Jarred Christmas: interview

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Posted: Thu May 20 2010

Ho ho ho! Kiwi comedian Jarred Christmas hosts Time Out Live's 'Laugh Out Loud' next month following his new show at the Udderbelly. Time Out gets all curious about him…

Your new show is called 'Captain Curious'. Are you said Captain? What are you curious about?
'I am the Captain. But I do not require any “Captain, my Captain” nonsense nor do I require a crew or a trusty second in command. However, I am open to the idea of wearing a captain's hat at a jaunty angle. I just used the word “jaunty”. That's my one wank word for the interview… Got it out of the way in the first question. I'm curious about life and silly things, like if I manage to keep my eyes open whilst I sneeze, will my eyes actually pop out of their sockets? This answer and many more will most likely NOT be answered in my show.'

How did you come up with the idea for the show?
'The idea hit me last year. I wanted to do a show that was a collection of my adventures sprinkled with a shit load of jokes. Not sure where the title came from, I don't question these things, I just accept that every now and then, in the “Show Title” game, a wee bit of magic can happen. Also I like the words “captain” and “curious.” Putting them together seemed natural, like DeVito and Schwarzenegger in “Twins”. IT JUST WORKS!'

New Zealand is known as the home of extreme sports. What's the most extreme thing you've done in your life?
'I went bungee jumping when I was 18. Off a bridge and my head went into the water. It was pretty scary but I came up with a wild salmon in my teeth. So… yeah… pretty extreme, eh?'

Rhys Darby, Flight Of The Conchords and yourself have all thrived on the British comedy circuit (and beyond) - what do you think is it about the UK comedy scene that embraces Kiwi acts?
'Maybe it has something to do with the Kiwi charm and how sixy our accent is. Also, as a nation we have nothing to prove. We are not constantly trying to win shit and get in ya face; we are just happy to be involved. The UK scene is the best in the world, it attracts the best acts (and some shit ones) from all over. I think UK audiences are very comedy savvy and the Brits love to have a laugh at themselves. So when Johnny Foreigner jokes about Brit stuff they seem to love it.'

What are the best/worst things about being a Kiwi living in Britain?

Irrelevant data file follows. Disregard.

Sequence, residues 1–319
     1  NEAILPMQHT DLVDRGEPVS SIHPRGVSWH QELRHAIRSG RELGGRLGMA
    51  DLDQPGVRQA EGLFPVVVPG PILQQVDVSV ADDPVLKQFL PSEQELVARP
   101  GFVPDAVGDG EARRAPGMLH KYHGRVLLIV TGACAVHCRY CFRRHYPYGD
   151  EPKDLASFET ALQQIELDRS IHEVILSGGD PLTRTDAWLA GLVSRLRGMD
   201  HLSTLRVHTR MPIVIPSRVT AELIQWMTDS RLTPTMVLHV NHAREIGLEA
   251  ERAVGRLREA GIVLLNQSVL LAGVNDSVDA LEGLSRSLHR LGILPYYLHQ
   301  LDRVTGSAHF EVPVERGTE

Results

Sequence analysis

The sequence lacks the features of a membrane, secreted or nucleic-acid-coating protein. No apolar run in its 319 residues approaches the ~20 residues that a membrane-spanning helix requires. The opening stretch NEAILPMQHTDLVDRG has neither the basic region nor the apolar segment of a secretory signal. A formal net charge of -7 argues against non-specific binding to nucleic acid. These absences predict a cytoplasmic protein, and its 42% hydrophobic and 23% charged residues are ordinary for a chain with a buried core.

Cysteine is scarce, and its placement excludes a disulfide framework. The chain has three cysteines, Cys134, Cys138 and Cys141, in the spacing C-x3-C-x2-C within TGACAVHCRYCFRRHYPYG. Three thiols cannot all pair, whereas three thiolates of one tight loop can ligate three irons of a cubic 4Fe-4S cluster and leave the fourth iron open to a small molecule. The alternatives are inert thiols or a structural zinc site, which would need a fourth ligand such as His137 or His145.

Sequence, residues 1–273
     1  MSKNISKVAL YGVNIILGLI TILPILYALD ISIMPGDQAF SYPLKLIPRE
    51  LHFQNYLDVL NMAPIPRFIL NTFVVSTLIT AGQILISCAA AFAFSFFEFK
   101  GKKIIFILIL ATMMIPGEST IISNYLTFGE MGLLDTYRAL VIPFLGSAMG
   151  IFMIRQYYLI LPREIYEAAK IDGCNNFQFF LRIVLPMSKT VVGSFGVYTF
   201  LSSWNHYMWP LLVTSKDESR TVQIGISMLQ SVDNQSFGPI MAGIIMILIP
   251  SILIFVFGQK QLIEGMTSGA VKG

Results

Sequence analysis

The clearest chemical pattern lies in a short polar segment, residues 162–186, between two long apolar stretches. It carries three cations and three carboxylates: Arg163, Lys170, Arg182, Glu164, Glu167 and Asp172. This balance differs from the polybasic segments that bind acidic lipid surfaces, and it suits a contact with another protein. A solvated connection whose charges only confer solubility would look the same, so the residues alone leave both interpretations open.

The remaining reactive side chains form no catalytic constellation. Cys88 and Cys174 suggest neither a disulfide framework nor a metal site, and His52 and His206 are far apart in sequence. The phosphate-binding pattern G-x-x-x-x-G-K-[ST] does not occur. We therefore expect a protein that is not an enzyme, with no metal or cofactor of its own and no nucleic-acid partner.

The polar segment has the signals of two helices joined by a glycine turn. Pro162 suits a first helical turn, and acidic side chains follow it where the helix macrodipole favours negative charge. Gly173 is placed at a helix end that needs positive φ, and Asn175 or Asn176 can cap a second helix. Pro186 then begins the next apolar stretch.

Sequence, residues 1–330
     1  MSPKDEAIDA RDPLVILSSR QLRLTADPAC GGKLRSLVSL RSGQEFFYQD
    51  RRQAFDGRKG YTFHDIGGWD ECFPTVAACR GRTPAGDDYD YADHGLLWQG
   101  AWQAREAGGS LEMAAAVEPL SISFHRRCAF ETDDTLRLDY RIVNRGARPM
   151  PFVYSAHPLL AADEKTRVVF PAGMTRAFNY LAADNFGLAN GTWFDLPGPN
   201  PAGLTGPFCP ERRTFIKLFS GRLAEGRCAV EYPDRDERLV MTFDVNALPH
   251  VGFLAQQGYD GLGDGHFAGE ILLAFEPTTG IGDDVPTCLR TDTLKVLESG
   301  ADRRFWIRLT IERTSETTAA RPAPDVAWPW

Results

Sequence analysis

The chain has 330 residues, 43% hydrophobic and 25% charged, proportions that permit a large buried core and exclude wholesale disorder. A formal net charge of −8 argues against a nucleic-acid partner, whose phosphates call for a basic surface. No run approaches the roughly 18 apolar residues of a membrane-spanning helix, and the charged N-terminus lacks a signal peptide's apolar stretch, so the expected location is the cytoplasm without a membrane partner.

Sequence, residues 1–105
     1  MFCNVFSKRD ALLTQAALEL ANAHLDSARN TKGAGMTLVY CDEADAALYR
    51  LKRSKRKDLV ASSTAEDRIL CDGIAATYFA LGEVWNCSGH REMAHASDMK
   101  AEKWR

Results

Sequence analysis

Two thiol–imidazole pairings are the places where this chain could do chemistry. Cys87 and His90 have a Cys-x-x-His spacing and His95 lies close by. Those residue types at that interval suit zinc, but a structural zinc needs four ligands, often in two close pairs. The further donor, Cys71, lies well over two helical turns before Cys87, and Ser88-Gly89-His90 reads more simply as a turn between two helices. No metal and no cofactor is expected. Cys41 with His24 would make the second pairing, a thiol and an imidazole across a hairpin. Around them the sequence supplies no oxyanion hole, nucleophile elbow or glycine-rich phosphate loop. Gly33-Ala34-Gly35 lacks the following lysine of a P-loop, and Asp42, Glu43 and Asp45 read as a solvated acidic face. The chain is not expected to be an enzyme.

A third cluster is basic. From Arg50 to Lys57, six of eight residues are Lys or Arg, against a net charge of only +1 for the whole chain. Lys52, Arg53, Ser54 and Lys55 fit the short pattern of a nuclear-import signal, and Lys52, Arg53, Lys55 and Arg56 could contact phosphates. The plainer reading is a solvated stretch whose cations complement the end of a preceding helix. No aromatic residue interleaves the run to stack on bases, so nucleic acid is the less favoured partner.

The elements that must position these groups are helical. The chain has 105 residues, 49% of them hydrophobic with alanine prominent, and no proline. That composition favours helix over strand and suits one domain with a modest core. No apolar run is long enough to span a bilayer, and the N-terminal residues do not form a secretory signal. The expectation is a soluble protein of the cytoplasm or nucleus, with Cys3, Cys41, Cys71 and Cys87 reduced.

'Best: You can get away with wearing flip flops all year round. Sure, people look at you weird when it's snowing, but once they find out you're a Kiwi, they smile and shake their heads and admire our all year-round optimism. Worst: Having cold feet for most of the year.'

You and your English wife have just become parents for the first time. What national traits do you hope your daughter will inherit from both her parents? Are there any you hope she won't?
'I hope my daughter inherits her mother's manners and English elegance. I hope she does not inherit my hairiness. Kiwis are a hairy lot, it's something to do with the water and how manly we are - even the Kiwi chicks are pretty solid and sometimes hairy. But that's sixy, right?'

You won the Best Compere award at the Chortle Awards this year and are the resident MC for our 'Laugh Out Loud' nights at the Bloomsbury. What is the secret to being a great MC?
'Great MCs are comics who are adaptable. They need to be able to roll with the situation and let their material flow whenever it's appropriate and required. They need to be likeable. If you are getting up after every act, you want the audience thinking: “I like this guy,” not: “Oh, not this dicksplash again.” But above all you need to be funny. There are a lot of people who seem to think being funny as an MC is not a priority. They think it's more about keeping the show flowing, getting the audience warmed up and being nice and chatting to the crowd. All of these are good, but if you are not funny, get the fuck off the stage. You're in a comedy club and the word comedy applies to you as well.

A great MC needs to be selfish within the time limits of the show. If you have ten minutes before bringing an act on, be as funny as possible in that ten minutes. Why settle for getting the audience warm when you can get them red hot? Most comics would prefer to go on to a crowd that is really cooking than one that is room temperature.'

It's been a big 12 months for you with appearances on 'The Persuasionists', 'Big Brother's Big Mouth' and 'Argumental'…
'The last year has been amazing. I have a baby daughter, I was in a BBC sitcom and I danced like Beyoncé in an advert. All of these have been great fun and that's my main goal. If my profile raises because I am doing something fun and working with brilliant and funny people then that's a good thing. A lot of my motivation now is to make my daughter proud of me. I'm sure when she's older, she'll think I'm a bit of a dick, but that is to be expected, because I am a bit of a dick. But, hopefully, I will be a bit of a dick she can be proud of. I think I have motto now… “I'm just a bit of a dick havin' a good time.” Actually, it's more of a mission statement.'

You were in the Pot Noodle ads. Which is your favourite flavour?
'Contractually I am not allowed to say anything negative about Pot Noodles. I love them and I love doing the adverts. There are not many jobs where a person who can't sing or dance gets the chance to get stuck into something where he has limited ability. My favourite flavour is the flavour of hope; shiiiiit, that tastes good, it has undertones of optimism, a hint of the unknown and an overwhelming taste of awesome. Its aftertaste can last for years. Just ask Obama.'

Jarred MCs Time Out Live's 'Laugh Out Loud' at the Bloomsbury Theatre, June 9.

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